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(VIC) Put Conroy Last

Discussion in 'The Pub' started by DisgruntledDog, Jul 17, 2010.

  1. In the up coming Federal Election, I urge everyone in Victoria to put Conroy last on the Senate Ticket. This means voting below the line. The added benefit is that you can put Senator Fielding second last.

    This is the only way to make sure the Internet Filter does not go ahead regardless of which party wins Government.
  2. He should be voted out, regardless of whether the filter goes ahead or not.

    He is either too stupid or too malicious to hold any position of influence.
  3. As a committed below the line voter, I would do exactly that, but I'm not in Victoria. WA senators are sufficiently invisible that I have no idea if our current incumbents are wastes of space or not. Oh, hang on.....

    Meanwhile, for those worried about offensive and dangerous material on the Internet, I recommend this.
  4. Is Conroy up for re-election? (generally we hold half senate elections as senators have 6 year terms).
  5. Yes indeed. Put him last.

    Just waiting for the commercial release.
  6. Yes he is.
    But given that Gillard is backing the compulsory filter it wont matter if Conroy loses his seat (unlikely since as a Labor numbers man he is in a safe ALP seat) the Ranga would push it through.

    But yeah, put this creep last on your ballot.

  7. He's in the senate so there are no safe seats.

    If you vote above the line and vote Labor you'll be putting Conroy one or two depending on what Labor decide.

    I think that if enough people put Conroy last then both Liberal and Labor will take notice, especially if the 3rd Labor candidate on the ballot gets up and Conroy doesn't.

    The Libs haven't said that they are against the Internet Filter so I think it's a danger regardless of who gets in.
  8. Whilst I have no problem with pushing Conroy under an electoral bus and, indeed, would encourage it, the filter legislation is being shunted off to committee for consideration. It's no guarantee, but this is a traditional method of letting untenable proposals die quietly out of the public eye. Hence, I think there is some cause to hope that it will just fade away.

    As far as voting on the issue is concerned, bear in mind that, of the other parties in serious contention for senate seats, only the Greens AFAIK have actually stated that they oppose the filter and even they have stood at least one lower house candidate in a recent by-election (forget where or what his name is) who is rabidly pro-filter regardless of party policy.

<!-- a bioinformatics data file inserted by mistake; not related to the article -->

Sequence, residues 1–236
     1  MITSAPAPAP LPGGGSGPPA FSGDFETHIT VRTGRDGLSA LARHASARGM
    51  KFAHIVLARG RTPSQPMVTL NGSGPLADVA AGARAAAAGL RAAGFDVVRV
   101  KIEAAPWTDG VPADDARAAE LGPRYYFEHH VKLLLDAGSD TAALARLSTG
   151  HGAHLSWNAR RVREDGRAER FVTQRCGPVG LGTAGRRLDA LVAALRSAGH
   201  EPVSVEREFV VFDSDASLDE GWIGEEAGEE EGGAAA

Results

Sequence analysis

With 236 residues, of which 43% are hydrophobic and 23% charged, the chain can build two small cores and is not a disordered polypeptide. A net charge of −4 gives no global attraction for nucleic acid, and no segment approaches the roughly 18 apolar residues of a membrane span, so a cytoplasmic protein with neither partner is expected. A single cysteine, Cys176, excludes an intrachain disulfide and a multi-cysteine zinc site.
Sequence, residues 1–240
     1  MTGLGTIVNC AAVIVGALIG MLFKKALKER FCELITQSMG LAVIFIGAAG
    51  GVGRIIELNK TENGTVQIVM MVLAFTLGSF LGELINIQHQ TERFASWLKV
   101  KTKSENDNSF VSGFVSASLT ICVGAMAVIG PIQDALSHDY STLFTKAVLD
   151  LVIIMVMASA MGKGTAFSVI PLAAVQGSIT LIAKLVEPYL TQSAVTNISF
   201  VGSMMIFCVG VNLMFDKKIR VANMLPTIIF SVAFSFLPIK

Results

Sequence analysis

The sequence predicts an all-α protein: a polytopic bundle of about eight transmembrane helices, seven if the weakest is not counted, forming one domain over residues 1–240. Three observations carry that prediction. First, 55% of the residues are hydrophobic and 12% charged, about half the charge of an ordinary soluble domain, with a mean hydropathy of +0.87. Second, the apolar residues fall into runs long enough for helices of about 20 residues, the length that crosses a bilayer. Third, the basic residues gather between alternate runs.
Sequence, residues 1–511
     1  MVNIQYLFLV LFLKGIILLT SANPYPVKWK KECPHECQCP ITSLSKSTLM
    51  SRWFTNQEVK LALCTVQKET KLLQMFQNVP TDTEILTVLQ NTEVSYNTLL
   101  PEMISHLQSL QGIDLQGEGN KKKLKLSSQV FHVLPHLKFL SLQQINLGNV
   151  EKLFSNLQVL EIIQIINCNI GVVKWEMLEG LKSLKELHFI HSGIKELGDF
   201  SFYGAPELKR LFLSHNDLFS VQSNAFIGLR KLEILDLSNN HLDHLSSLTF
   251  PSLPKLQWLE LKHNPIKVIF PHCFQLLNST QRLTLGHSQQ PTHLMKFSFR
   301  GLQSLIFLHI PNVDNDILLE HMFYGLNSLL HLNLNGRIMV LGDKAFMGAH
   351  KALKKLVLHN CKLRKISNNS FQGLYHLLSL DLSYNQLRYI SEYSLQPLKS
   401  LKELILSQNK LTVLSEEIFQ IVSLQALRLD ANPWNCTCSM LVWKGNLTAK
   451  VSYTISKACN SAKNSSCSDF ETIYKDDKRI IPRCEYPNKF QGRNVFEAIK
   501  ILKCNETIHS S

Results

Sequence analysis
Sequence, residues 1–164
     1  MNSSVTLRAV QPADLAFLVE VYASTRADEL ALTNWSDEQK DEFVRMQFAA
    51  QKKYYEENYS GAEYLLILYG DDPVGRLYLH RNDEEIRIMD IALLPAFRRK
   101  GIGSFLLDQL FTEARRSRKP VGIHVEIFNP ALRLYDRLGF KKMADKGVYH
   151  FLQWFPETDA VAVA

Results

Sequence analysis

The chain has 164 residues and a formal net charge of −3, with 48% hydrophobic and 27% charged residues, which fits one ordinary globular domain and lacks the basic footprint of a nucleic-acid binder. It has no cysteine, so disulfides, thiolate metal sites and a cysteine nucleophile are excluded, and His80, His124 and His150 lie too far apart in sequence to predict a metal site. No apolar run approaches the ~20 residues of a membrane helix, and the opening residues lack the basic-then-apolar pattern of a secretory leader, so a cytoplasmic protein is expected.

Overall, the whole thing appears not to be a party specific issue but more a wowser/control freak issue that has supporters on both sides of the political divide.
  9. It is far more likely that this method is being used in the same way Brumby is using it with smart meters. It is nothing more than a tactic to take focus off the issue until after they win the election IMO.
  10. You're spot on Seany. Once November is decided we'll see those smart meters roll out quicker than you can say "escalated power bills".

    Same for the internet filter. If we vote Labor back in, that and other less tenable legislation, Senate permitting, will be become law within the next sitting of Parliament.
  11. The greens will have the balance of power in any case after the election, so the filter legislation is dead.

    **** conroy
  12. Not if the Libs support the legislation.

    Put Conroy last!
  13. oh yeah I forgot about that other party.

  14. Does anybody believe that Abbott wouldn't really really want that filter? It's a far better fit with his beliefs than Gillards.

    He knows it's a minor vote loser so he's been keeping quiet hoping that the government would implement it. If it had he would have had two wins. He would have got something he really wants - and something that would have lost a few votes for the government.
  15. He supports it absolutely, but there is substantial opposition amongst his parliamentary colleagues.
  16. So, given there is no real difference between the two major parties on the filter, give your first preferences to the anti-filter minors of your choice and then preference whichever of the majors you want based on other grounds. And, FFS, vote below the line in the Senate, on a similar basis, giving Conroy a kicking if you're in Victoria.

    Apart from voting informal or wearing the fine, I don't see too many other viable options.
  17. The other option is to put every sitting member LAST on the ballot. Then work back up the list based on the least unprefered candidate...